FROM TODAY'S PRINT EDITIONS:
It was one of Maryland’s worst natural disasters, claiming 17 lives. But few remember after 40 years. Bruce Sullivan does. A senior forecaster at the National Center for Environmental Prediction, he said a line of severe thunderstorms formed along a stalled front over Baltimore and Harford counties on Sunday afternoon, Aug. 1, 1971. They dumped more than 12 inches of rain in six hours. Rivers and creeks flooded. Most of the dead drowned. Scores more needed rescue.
One of the most wrenching stories to come out of the storms was the heroism of Charles H. Schafferman, 26, of Essex. He was a non-swimmer, and he was on crutches from an ankle injury. He nevertheless plunged into floodwaters to rescue at least eight people stranded in the 6500 block of Pulaski Highway. The Navy veteran and tractor-trailer driver was last seen going to the aide of two children trapped on top of a car that had stalled in six feet of water. His body was found at Pulaski Highway and North Point Road after the water receded. He was nominated posthumously for a police department civilian heroism award.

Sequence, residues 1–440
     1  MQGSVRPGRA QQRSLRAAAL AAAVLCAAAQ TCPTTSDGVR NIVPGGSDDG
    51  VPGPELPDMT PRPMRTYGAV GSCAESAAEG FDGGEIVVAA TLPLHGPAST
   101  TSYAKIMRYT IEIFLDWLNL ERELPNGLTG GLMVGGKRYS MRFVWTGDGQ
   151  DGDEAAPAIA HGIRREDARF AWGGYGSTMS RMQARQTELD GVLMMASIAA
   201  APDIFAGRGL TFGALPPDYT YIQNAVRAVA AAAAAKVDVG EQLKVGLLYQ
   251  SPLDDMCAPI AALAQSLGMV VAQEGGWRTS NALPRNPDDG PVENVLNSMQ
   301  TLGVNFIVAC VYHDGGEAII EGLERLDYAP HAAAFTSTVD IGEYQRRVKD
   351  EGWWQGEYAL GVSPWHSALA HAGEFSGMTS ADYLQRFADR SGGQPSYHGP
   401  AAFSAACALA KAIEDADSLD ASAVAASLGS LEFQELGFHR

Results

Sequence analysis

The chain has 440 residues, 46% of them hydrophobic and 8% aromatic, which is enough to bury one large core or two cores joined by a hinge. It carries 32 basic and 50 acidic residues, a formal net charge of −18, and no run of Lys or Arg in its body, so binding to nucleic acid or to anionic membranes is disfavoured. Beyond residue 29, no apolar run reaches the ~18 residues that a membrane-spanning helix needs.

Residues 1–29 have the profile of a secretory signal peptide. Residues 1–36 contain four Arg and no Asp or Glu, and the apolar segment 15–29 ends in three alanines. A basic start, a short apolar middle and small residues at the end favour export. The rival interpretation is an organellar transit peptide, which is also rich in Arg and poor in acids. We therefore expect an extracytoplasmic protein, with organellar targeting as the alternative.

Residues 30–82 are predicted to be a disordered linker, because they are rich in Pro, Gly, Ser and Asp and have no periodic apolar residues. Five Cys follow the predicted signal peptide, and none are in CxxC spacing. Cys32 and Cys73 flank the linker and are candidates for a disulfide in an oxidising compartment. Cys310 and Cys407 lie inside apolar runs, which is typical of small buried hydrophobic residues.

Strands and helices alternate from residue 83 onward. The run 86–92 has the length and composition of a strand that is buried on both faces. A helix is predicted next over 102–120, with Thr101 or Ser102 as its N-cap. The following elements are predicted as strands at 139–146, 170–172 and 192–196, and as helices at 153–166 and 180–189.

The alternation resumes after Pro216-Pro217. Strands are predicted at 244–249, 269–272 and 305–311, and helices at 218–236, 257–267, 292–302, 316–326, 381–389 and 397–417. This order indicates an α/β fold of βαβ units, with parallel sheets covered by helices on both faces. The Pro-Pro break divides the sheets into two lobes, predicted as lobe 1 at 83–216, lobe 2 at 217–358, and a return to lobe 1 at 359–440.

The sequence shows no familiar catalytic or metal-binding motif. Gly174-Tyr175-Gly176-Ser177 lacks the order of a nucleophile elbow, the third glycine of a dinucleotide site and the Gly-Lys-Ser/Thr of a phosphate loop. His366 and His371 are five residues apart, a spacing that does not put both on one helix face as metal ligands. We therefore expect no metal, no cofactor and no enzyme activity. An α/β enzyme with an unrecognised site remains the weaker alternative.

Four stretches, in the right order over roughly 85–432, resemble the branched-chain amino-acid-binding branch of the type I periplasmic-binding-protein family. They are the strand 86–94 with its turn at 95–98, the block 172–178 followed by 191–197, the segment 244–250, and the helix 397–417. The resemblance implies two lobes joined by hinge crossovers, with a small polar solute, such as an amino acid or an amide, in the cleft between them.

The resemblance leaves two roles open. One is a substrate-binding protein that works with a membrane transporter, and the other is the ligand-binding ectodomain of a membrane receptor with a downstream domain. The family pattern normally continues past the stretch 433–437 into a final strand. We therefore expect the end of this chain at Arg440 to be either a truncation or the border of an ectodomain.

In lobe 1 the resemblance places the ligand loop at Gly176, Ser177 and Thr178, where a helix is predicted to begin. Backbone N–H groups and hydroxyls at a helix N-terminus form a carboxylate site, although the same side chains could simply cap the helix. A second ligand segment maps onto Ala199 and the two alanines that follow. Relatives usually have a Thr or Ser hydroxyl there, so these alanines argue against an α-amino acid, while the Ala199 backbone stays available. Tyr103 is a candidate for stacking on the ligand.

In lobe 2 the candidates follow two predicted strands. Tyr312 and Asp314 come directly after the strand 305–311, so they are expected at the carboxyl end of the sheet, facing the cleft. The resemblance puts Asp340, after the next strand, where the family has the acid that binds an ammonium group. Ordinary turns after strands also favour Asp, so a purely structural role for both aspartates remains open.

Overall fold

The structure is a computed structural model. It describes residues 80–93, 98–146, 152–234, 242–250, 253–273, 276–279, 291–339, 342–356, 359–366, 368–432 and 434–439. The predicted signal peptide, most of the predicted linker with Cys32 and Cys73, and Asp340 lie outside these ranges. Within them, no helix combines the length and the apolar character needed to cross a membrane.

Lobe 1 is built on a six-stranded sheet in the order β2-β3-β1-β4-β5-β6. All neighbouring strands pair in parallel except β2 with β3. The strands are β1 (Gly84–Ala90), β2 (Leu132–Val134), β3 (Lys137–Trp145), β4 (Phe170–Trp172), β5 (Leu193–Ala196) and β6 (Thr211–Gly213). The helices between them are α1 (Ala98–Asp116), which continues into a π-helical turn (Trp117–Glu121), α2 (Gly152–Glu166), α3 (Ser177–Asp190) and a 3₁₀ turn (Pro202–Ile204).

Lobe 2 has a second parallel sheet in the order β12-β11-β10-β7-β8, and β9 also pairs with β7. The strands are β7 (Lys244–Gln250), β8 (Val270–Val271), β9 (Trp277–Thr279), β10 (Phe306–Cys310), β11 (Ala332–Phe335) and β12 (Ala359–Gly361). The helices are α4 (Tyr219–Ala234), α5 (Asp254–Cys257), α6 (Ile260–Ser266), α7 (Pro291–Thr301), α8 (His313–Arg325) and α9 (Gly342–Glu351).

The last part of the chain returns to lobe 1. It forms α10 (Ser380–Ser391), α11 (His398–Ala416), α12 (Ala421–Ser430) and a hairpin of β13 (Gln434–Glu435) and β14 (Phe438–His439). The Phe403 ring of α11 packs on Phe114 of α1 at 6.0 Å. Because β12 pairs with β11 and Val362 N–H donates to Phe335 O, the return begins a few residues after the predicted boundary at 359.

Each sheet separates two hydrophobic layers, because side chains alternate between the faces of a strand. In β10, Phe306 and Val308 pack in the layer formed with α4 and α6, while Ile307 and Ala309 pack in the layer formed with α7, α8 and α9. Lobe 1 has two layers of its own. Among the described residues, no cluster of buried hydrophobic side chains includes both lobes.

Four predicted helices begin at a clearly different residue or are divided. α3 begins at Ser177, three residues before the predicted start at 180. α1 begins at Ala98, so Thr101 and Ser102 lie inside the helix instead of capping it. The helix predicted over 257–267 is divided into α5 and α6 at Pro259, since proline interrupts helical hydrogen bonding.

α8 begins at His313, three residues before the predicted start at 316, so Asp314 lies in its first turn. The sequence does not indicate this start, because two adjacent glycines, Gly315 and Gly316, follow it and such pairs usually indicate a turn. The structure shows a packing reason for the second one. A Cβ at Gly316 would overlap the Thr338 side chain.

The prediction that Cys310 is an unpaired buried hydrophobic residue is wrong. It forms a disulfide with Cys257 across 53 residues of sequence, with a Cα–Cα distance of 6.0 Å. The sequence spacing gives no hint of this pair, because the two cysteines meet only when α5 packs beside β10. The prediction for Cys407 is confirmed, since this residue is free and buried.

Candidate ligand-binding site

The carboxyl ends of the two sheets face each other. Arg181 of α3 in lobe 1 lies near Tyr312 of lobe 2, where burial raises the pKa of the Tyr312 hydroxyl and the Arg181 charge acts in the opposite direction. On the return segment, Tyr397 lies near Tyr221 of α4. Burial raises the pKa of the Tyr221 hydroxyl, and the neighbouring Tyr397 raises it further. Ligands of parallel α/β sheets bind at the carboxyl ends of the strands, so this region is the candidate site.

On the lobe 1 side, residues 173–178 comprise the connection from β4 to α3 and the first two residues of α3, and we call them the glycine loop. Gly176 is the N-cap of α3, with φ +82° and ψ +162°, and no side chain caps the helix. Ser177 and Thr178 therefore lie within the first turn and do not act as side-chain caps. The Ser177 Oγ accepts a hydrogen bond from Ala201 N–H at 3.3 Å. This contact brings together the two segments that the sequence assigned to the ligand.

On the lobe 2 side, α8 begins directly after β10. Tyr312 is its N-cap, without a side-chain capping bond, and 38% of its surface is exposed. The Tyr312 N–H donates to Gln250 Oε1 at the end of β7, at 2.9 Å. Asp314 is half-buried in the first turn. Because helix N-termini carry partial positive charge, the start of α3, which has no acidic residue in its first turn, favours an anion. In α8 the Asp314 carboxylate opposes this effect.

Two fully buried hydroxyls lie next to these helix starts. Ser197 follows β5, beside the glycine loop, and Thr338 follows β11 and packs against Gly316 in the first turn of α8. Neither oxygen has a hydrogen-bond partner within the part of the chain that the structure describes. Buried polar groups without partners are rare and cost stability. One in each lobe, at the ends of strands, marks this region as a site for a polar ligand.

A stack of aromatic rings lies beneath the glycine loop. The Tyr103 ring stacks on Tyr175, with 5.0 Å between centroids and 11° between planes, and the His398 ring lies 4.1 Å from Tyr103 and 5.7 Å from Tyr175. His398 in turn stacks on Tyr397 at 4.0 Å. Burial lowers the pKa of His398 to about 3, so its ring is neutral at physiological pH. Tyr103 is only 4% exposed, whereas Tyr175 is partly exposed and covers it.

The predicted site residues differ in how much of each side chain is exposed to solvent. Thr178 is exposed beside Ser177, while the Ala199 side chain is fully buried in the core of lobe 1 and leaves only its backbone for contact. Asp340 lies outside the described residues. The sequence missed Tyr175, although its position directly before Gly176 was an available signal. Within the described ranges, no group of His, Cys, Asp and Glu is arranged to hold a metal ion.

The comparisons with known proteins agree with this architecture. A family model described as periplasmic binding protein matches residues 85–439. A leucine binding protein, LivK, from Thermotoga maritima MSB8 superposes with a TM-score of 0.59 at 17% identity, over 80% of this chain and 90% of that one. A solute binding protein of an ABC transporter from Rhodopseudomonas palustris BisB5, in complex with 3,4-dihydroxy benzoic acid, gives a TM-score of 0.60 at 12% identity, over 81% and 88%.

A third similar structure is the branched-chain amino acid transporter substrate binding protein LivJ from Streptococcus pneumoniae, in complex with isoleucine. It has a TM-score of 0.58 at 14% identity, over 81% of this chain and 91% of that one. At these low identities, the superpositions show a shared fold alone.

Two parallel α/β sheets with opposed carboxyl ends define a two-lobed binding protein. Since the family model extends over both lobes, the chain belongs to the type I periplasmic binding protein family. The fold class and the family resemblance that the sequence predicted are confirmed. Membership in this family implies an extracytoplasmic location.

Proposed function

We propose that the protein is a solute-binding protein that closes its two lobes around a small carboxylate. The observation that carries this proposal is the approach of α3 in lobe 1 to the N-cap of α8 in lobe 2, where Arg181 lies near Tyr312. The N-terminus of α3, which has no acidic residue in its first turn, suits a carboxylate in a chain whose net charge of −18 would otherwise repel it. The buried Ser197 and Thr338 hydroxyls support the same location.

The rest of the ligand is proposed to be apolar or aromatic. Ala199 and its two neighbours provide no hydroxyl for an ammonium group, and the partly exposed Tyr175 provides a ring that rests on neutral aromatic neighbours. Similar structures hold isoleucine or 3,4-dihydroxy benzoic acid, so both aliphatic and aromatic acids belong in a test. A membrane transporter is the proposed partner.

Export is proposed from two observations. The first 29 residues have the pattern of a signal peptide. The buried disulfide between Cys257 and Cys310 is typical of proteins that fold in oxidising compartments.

At least four more people died trying to rescue others. They were volunteer firefighters Douglas Mueller, 18; Charles Hopwood, 42, Warren E. Shaffer, 22 and Milton C.R. DeSombre, 49, all from the Cowenton and Bowley's Quarters volunteer companies. They were trying to pull a car and its occupants to safety in rain-swollen Bean Creek off Route 7 when they were swept into the creek and drowned. The car's driver died, too, but the man's wife and another firefighter were rescued after clinging to a tree for two hours.
(SUN PHOTO: Aug. 1, 1971)